Judge OKs class action status in Virginia for gay marriage lawsuit

RICHMOND, Virginia Sat Feb 1, 2014 11:23am EST

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RICHMOND, Virginia (Reuters) - A federal judge in western Virginia has certified as a class action a lawsuit filed by two Shenandoah Valley couples challenging the state's ban on same-sex marriages.

Friday's order adds to growing momentum to end the state's prohibition of same-sex marriage, with Virginia's new attorney general saying his office will no longer defend the ban.

U.S. District Court Judge Michael Urbanski said in the order that same-sex couples seeking to marry in the state as well as those married in states where gay marriage is legal could challenge Virginia's ban as a group.

Lawyers for the couples who filed the lawsuit estimate that there are about 15,000 same-sex households in Virginia, based on U.S. Census data.

The lawsuit seeks a declaratory judgment striking down Virginia's same-sex marriage laws and a permanent injunction barring their enforcement.

At the request of two same-sex couples involved in a parallel lawsuit in federal court in Norfolk, Urbanski's order excludes them from the class action to avoid interfering with their case.

Attorney General Mark Herring, a Democrat, said his decision not to defend the ban was aimed at putting Virginia "on the right side of history" and ending its legacy of opposing landmark civil rights rulings by the U.S. Supreme Court.

Republicans in Virginia's House of Delegates, who have threatened to impeach Herring, are trying to push through a bill that would permit them to hire their own counsel to defend the marriage ban. But even if approved, the bill would probably be vetoed by the Democratic Governor Terry McAuliffe.

The Virginia attorney general's decision not to defend the ban follows two Supreme Court rulings last year.

One struck down the Defense of Marriage Act, a law that denied federal benefits to legally married same-sex couples.

The other paved the way for gay marriage to resume in California. But those rulings did not address whether state bans on same-sex marriage were constitutional.

In 2006, 57 percent of Virginians voted in favor of the state's constitutional amendment prohibiting same sex marriages.

But a poll released last October by Virginia's Christopher Newport University showed that 56 percent of likely voters opposed the ban, and 36 percent favored it.

Seventeen states plus the District of Columbia recognize same-sex marriage, including eight states where it became legal in 2013. Thirty-three ban gay couples from marrying by state constitutional amendment, statute or both.

(Reporting by Gary Robertson; Editing by Jon Herskovitz; Editing by Lisa Von Ahn)

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Comments (19)
OnTheGround wrote:
This is just more special rights for special interests. In this case, the special interest is the homosexual lobbying group. They are promoting that their members are “normal,” but they aren’t. That’s why they call themselves “queer.” The long-term agenda is to put in textbooks in all the schools that they are “normal.” They aren’t. In most cases, this is a desire-based activity that became a habit – often in reaction to what a person has experienced, or being preyed upon by a person of their own sex. So you might as well make special laws for all the people involved in any other desire-based activity – such as gambling, excessive use of alcohol, taking drugs including prescription drugs, patronizing prostitutes, gaining too much weight, etc. Wa-hoo!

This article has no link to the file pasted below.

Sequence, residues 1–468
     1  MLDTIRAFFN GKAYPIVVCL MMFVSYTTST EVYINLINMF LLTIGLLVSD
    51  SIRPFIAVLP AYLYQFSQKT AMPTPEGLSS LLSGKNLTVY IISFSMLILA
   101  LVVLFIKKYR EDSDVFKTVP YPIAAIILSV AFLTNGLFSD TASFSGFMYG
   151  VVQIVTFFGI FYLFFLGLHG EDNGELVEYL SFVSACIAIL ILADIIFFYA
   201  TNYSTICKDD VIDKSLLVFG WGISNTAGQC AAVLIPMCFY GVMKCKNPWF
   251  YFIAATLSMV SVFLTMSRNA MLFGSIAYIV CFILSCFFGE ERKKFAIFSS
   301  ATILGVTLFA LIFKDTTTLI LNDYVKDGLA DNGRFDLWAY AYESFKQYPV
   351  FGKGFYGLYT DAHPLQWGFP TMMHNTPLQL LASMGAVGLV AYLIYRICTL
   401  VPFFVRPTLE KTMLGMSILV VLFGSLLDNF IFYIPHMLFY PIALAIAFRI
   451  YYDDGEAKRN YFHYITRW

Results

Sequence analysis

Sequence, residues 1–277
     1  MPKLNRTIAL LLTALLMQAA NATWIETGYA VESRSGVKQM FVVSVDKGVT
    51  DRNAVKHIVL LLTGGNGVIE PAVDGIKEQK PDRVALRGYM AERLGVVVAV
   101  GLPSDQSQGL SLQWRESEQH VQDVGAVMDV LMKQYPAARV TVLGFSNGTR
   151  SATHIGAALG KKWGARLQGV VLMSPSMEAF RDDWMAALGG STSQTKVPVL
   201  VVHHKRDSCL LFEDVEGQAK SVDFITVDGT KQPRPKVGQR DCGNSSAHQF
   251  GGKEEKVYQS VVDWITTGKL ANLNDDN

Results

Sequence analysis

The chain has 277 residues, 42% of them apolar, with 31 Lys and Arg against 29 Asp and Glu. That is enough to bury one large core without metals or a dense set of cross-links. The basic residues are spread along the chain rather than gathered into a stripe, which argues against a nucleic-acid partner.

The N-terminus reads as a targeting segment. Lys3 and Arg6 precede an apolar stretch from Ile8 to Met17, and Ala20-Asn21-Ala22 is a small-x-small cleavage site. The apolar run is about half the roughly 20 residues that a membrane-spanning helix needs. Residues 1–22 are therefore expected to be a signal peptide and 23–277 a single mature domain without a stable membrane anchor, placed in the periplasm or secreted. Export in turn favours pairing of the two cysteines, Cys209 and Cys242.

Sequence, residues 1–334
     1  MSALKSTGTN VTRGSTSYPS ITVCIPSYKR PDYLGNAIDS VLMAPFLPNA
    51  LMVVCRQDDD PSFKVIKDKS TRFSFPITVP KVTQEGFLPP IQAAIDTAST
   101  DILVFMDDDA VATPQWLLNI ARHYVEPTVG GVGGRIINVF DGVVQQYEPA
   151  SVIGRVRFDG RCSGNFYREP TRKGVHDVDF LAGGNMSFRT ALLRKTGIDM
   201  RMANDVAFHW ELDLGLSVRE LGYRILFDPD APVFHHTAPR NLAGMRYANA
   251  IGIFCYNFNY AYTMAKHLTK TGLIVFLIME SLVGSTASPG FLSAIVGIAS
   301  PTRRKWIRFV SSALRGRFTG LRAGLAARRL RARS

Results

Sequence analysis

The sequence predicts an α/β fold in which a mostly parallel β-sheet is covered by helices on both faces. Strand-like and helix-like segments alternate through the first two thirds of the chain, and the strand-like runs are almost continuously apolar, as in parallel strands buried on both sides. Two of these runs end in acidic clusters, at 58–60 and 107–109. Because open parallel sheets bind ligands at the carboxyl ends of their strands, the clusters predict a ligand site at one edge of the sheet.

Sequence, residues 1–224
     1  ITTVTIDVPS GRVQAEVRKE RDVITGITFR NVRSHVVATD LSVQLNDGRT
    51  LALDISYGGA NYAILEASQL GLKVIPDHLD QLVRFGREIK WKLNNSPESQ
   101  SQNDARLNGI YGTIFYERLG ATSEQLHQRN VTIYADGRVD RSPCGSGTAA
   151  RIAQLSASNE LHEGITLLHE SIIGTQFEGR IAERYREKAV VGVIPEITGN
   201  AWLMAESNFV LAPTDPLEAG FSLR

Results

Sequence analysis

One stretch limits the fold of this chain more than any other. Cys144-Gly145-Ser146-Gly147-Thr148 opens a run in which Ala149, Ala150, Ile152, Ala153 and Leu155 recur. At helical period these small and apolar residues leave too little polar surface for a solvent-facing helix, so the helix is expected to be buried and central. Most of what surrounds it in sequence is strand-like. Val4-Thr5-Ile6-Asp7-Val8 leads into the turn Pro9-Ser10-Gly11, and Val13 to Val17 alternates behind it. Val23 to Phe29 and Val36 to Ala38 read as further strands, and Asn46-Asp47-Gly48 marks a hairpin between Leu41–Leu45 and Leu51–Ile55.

Feb 01, 2014 11:35pm EST  --  Report as abuse
Stanley7746 wrote:
OnTheGround seems to not understand the Constitution of the United States of America does not speak to or for special interest groups but for ‘the people’.

Feb 02, 2014 12:21am EST  --  Report as abuse
Person84 wrote:
No this isn’t a “special interest” – it’s a “general interest”. Just take a look at the polls on same-sex marriage: most Americans support same-sex marriage.

You’re right – it’s a “desire-based” activity, but it is not “often in reaction to what a person has experienced, or being preyed upon by a person of their own sex” – it is often due to a person being BORN that way. And even if it IS the case that it’s due to some negative experience, it doesn’t make homosexuality a moral wrong.

“Desire-based” activities can include homosexual sex, but it can also include the desire to do what is right and the desire to do good things, so I don’t know why you only single out the bad ones (“gambling, excessive use of alcohol, taking drugs including prescription drugs, patronizing prostitutes, gaining too much weight” ).

Lastly, I want you to show me evidence that the gay long-term agenda “is to put in textbooks in all the schools that they are ‘normal.’” The gay long-term agenda is to have equal rights and liberties as their straight counterparts. And then there’s the SO WHAT question – even if it is the case that homosexuals want to “put in textbooks in all the schools that they are ‘normal’”, I don’t know why you morally evaluate that want as a bad thing. I’m pretty sure black people 50 years ago wanted the same thing – and guess what, they did!

Feb 02, 2014 12:34am EST  --  Report as abuse
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